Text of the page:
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Postal positivity

How customers embraced USPS in 2021

In 2021, Elizabeth Dey’s start-up business, Deysigns, sold face masks and accessories that she shipped through USPS.

The continuing coronavirus pandemic brought new levels of appreciation for Postal Service workers and even whole new streams of revenue for USPS this year, with many customers turning to the organization for their newly launched businesses.

Case in point: Deysigns, a home-based business in Chevy Chase, MD, that sells face masks and accessories.

It is run by Elizabeth Dey, a full-time nurse practitioner in a trauma unit who considers postal employees to be fellow frontline workers. “I have nothing but respect for all they do,” she said.

Maison 276, a Houston-based beauty business, started small but is growing fast, with sales expected to exceed $1 million this year.

Owner Angel Cornelius has stuck with USPS as her company grew. USPS is her “trusted partner,” whether in the early days of creating her products in her kitchen to today’s larger manufacturing base.

Theaters are businesses, too, and social distancing rules inspired them to get creative. Epistolary drama arrived in mailboxes around the country courtesy of projects such as P.S., Artistic Stamp, Post Theatrical and Love Letter Experience, and a Utah couple created a subscription-based historical romance in letters.

In terms of appreciation, it doesn’t get much more high-profile than actor and talk show host Drew Barrymore, who shared a video with her 14 million Instagram followers of receiving a card from her daughter at camp.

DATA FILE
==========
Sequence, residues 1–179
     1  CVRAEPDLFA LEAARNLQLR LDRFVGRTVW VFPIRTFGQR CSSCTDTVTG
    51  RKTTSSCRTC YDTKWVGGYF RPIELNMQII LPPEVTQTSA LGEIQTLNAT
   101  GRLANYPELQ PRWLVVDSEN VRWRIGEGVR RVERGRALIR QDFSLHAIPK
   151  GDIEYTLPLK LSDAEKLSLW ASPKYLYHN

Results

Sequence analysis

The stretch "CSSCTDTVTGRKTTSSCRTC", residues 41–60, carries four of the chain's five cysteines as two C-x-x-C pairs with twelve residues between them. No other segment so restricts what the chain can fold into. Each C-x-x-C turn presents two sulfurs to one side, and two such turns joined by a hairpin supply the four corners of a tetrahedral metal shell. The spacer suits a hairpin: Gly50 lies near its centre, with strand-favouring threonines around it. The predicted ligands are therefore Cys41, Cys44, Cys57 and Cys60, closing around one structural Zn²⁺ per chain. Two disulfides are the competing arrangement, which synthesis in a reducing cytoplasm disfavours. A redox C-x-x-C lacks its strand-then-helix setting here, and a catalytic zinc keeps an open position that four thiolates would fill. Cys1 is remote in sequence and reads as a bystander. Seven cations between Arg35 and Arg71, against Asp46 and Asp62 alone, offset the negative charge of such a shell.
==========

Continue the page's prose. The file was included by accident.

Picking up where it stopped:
Barrymore is a big USPS supporter; she even features a “ZIP Code of the Day” segment on her show.

Artist-musicians Beatie Wolfe and Mark Mothersbaugh created Postcards for Democracy, a show of postal solidarity in the form of a collective art project, and Mary Steinbicker had her own postcard endeavor in which she sent out a postcard a day for a year.

“I couldn’t have done it without the Post Office,” the Minnesotan said.

Finally, two Link features demonstrated the power of letters to lift spirits and create connection.

The Maryland-based Just a Kind Note was inspired by founder Theresa Harrison’s experience as a former cancer patient.

“I realized that having something sent through the mail — versus a text or an email or a call — said to me that the person took time to think about me,” she said.

And Love for Our Elders, based in Cleveland, tries to alleviate isolation in senior communities by way of letters, videos and storytelling.

The group was the brainchild of Jacob Cramer, who volunteered at senior facilities as a youth and experienced just how starved some older people were for connection.

“We’re a youth-driven team fighting loneliness with love,” he said, adding, “We are the biggest fans of USPS.”